A good latch is essential to breastfeeding. Good latch…what exactly does that mean? I will be honest, I had no idea until I started breastfeeding.
A latch can either make or break your breastfeeding relationship. A bad latch can cause a low milk supply and painful nipples, while a good latch will allow you to have a healthy milk supply with a content, happy baby and mama.
The definition of a latch describes how a baby is attached to the mother’s nipple. So you can imagine the pain if your baby is attached wrong. I had troubles with a bad latch. I was in toe-curling pain for weeks. I tried everything that I could do for a good latch. You can read more about my breastfeeding journey here. I want to help you achieve a good latch with these essential steps below.
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1. Get comfortable
Get yourself in a comfortable position. You will be in this place for about 45 minutes so have your water, snacks, phone, etc at hand. I suggest purchasing a nursing caddy. That way, you can take all of your things with you with just one trip. So convenient! And trust me, I know this is easier said than done, but RELAX. Drop those shoulders mama and take a few deep breaths. Your baby will be able to feel you tense so try to get as comfortable as possible.
2. Be patient
Always be patient while trying to get a good latch. I know from personal experience how frustrating this time can be. Take a good, few deep breaths and try again. I have never met anyone that had the perfect latch the first time. This is all new to you and your baby, but just think, this is something that only the two of you can do together. Once you accomplish a good latch, breastfeeding will come easy. The pain does not last forever. It took me 8 whole weeks, but that is now so minor to the 8 months and going we have been breastfeeding.
3. Breastfeeding Pillow
Using a breastfeeding pillow saved my back and shoulders. I, myself tend to hold my shoulders tight and slouch a little. My favorite pillow is the Boppy Pillow. It helped support my arms and baby so that I could relax a little. This pillow is also great because it is so versatile! Even though I do not use it for breastfeeding anymore, I place it around my daughter while she is sitting on the floor.
Placing your baby skin to skin after birth has so many benefits, but it also helps in the first few weeks. Having your baby’s tummy against yours helps the baby use their natural instincts to find your breast. This can help you achieve a deeper, more comfortable latch.
5. Deep latch
To achieve a good latch, you must have a deep latch. If your baby is only at the tip of the nipple, you will be in pain and they will not receive much milk. When your baby attaches, your nipple and lower half of the areola should be in their mouth. Your nipple should be in the “soft” palate of their mouth. To help understand this, feel with your tongue the ridges and hard parts of the roof of your mouth. Now, feel the soft area right behind that; this is where your nipple should be in your baby’s mouth.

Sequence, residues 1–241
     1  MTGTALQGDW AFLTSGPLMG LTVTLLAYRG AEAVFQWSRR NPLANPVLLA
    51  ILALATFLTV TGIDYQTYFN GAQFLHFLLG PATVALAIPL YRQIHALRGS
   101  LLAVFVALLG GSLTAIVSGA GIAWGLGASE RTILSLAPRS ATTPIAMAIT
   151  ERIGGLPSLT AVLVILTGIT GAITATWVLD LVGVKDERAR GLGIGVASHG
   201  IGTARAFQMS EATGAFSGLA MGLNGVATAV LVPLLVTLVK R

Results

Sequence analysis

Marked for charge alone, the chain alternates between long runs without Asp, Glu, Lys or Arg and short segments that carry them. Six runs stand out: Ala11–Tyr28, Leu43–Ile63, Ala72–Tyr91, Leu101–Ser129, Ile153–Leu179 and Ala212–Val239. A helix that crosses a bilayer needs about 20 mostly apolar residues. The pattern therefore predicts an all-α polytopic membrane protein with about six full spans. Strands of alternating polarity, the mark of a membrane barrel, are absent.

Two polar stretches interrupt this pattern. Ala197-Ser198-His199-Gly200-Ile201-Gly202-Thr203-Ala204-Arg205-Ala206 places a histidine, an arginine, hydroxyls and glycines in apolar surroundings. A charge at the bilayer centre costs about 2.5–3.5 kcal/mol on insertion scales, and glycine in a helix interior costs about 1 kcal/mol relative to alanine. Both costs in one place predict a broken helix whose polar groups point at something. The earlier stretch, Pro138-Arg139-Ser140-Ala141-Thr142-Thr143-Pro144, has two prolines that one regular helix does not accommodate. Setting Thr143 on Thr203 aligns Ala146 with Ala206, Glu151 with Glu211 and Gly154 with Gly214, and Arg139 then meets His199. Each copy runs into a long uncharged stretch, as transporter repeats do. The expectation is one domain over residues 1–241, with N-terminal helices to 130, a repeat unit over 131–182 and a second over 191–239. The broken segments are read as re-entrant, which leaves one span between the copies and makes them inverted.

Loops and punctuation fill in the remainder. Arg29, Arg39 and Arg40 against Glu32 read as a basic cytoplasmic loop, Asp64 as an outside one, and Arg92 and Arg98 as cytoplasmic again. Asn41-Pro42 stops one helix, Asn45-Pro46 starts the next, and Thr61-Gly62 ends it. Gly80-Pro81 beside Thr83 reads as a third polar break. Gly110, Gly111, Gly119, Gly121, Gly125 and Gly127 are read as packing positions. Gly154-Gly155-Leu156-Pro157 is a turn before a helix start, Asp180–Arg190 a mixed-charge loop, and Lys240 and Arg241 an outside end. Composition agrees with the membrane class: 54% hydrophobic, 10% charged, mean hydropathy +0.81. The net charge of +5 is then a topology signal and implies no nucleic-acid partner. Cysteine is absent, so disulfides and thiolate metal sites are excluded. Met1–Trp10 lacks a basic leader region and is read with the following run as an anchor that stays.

6. Different Positions
Try different positions while holding your baby to nurse. The most popular positions are the cross-cradle hold and the football hold. These two were my favorite as well first starting out.
Using the cross-cradle technique:
While attaching baby to your left breast, hold your baby with your right arm. Using your left hand, hold your breast in a “C” or “U” cup (kind of like how you hold a sandwich). When your baby opens wide, push between their shoulder blades towards your breast to allow them to attach. After they are suckling and it is comfortable, release your breast and place your left arm around your baby.
Using the football technique:
The breastfeeding pillow helped me achieve this technique. Place the opening of the pillow around the side of your waist; your stomach should not be wrapped with the pillow. For attachment to the right side, your baby’s feet should be towards your back (like you would be holding a football while running). Use your left hand to “sandwich” your breast. Hold towards the base of baby’s neck and shoulders while making a “V” with your fingers. When they open wide, push them towards your breast. After they are suckling and it is comfortable, release breast with your left hand.
7. Nipple Shield
Nipple shields saved my breastfeeding journey! I didn’t use one at first because honestly, I just couldn’t figure it out. Do yourself a favor, ask for help. Most lactation nurses do not recommend using the nipple shield for long because it can cause nipple confusion. But, the shield allows your nipples to heal from any cracks or blisters you may have. It also helps your baby latch deeper.
8. Finally, be kind and find support
Be kind to yourself mama. This is all so new! Give yourself a break and don’t beat yourself up over it. I can tell you, I was not kind to myself. I hated every second while trying to get a good latch. I look back and honestly feel sorry for beating myself up about it. I didn’t know that others were going through the struggles as well. Find other mamas or a lactation consultant that you can talk to. Heck, message me! It helps to speak with others about any struggles and you won’t feel so alone.
I hope this has helped! Feel free to comment below. As always, YOU’VE GOT THIS MAMA!